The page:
A Story by Harry Onickel

When I was a kid growing up in Livonia, “up north” was an abstract concept. I wasn’t sure what it meant, except as a place that other families went to on vacation. I had no sense of place or direction. On my dad’s vacations, we took day trips to Belle Isle, the Detroit Zoo, and the some of the long-gone Irish Hills tourist traps like Frontier City, Prehistoric Forest, and Mystery Hill. We had good times. We didn’t know enough to demand lakes, boat rides, and hotel pools. We weren’t adventurous enough to set up a campsite at a state park. Local attractions were good enough for us until my twelfth summer when we took a road trip to New Jersey. We’ll talk about that another time. For now, we’re going hang around Michigan.

I’m not sure if this is geographically accurate, but according to my mental map, Up North begins once we are past Bay City on I-75. That’s where the trees appear thicker, the air smells fresher, and the heat, even if it is a hot summer day, is not as oppressive. Freeway exits have more distance between them, and unless it’s a busy Up North weekend, there seems to be less traffic. 

While the west side of Up North is the popular (and more expensive) side, my wife and I, when the kids were little, began occasionally vacationing at Pine Ridge Lodge, a bed and breakfast up in Lewiston, on the less traveled, more rustic, east side. We still had lots of fun things to do whether we were there during winter or summer, like ice skating, sledding, canoeing, fishing, and sight-seeing. Sometimes we had to travel far to do things, but driving country roads for long distances is less stressful than fighting Detroit area, stoplight filled, bumper to bumper, surrounded by idiots traffic. Even city driving Up North during summer tourist season and facing tourist drivers doesn’t seem as frustrating. One does have to watch for deer, and there was the one time I had to take the shoulder due to an idiot coming at me in my lane because he thought passing on a two-lane road while rounding a curve was a good idea.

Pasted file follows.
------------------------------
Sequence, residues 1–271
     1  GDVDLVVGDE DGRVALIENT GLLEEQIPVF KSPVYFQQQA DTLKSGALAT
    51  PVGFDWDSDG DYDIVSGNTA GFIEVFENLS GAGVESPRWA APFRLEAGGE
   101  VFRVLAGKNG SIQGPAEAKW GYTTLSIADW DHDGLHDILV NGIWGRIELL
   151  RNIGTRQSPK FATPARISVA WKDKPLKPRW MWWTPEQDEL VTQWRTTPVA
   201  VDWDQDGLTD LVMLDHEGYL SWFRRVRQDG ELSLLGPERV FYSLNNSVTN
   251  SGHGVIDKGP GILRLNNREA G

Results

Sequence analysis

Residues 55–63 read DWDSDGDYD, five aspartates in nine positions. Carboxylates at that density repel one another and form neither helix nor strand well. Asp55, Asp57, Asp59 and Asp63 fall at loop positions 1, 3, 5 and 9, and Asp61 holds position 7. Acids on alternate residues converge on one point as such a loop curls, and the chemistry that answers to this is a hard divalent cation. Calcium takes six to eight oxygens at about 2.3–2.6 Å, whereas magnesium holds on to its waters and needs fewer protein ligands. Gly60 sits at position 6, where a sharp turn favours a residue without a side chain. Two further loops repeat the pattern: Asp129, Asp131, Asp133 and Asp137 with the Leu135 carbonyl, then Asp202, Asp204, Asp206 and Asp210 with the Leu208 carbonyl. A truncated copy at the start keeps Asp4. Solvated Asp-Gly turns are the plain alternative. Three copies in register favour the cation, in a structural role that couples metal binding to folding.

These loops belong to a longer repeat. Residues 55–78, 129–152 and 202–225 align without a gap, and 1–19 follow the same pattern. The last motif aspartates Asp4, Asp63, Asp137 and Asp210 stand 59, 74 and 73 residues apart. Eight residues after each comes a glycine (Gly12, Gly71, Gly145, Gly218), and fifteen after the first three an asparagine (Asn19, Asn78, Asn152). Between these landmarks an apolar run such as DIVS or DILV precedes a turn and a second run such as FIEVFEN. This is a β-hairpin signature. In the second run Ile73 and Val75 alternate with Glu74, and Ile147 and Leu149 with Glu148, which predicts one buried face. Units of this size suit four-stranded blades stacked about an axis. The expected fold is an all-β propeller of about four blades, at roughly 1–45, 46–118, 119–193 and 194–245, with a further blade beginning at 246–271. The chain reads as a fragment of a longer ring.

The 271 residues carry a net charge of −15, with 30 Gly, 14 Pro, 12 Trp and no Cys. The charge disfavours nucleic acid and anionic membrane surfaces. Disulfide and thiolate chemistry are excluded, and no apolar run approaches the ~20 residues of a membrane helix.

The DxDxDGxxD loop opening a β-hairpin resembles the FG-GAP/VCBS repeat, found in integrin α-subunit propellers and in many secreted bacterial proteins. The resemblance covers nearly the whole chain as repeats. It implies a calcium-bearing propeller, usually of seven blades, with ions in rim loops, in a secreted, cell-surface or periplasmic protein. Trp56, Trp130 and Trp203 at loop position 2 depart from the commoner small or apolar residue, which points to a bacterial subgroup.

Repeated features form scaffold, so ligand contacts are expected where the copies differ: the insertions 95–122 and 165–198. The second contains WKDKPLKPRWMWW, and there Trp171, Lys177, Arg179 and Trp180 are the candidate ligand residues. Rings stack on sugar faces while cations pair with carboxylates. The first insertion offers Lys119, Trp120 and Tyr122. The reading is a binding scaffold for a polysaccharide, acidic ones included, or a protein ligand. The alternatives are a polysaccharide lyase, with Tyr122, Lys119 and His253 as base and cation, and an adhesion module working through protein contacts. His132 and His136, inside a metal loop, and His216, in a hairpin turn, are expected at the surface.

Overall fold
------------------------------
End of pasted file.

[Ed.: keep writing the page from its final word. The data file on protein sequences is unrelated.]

From Lewiston, one winter trip, we drove to Gaylord and went bowling because there wasn’t enough snow for outdoor activities. Driving further west from Gaylord, we traveled all the way to the west coast (of Michigan) to tour light houses and explore the sand dunes. Another day we drove up to St. Ignace so that we could take the kids to the U.P. We had the opposite problem in 2015, when Lewiston received too much snow and we had to cancel our trip because our Chevy Cobalt would not have made it through the post-blizzard mess, which included 20 inches of uncleared snow and downed trees. 

Since the kids are grown and have abandoned us, our trips have been mainly to the very touristy, bright and shiny, west side. We’ve been up to visit family on Walloon Lake a few times. 

My niece got married in Petosky one summer, and we made a vacation of it. We rented an Airbnb and were joined by the kids and by my mother-in-law. We explored Boyne City, Walloon Lake, and various breakfast places out in the middle of somewhere.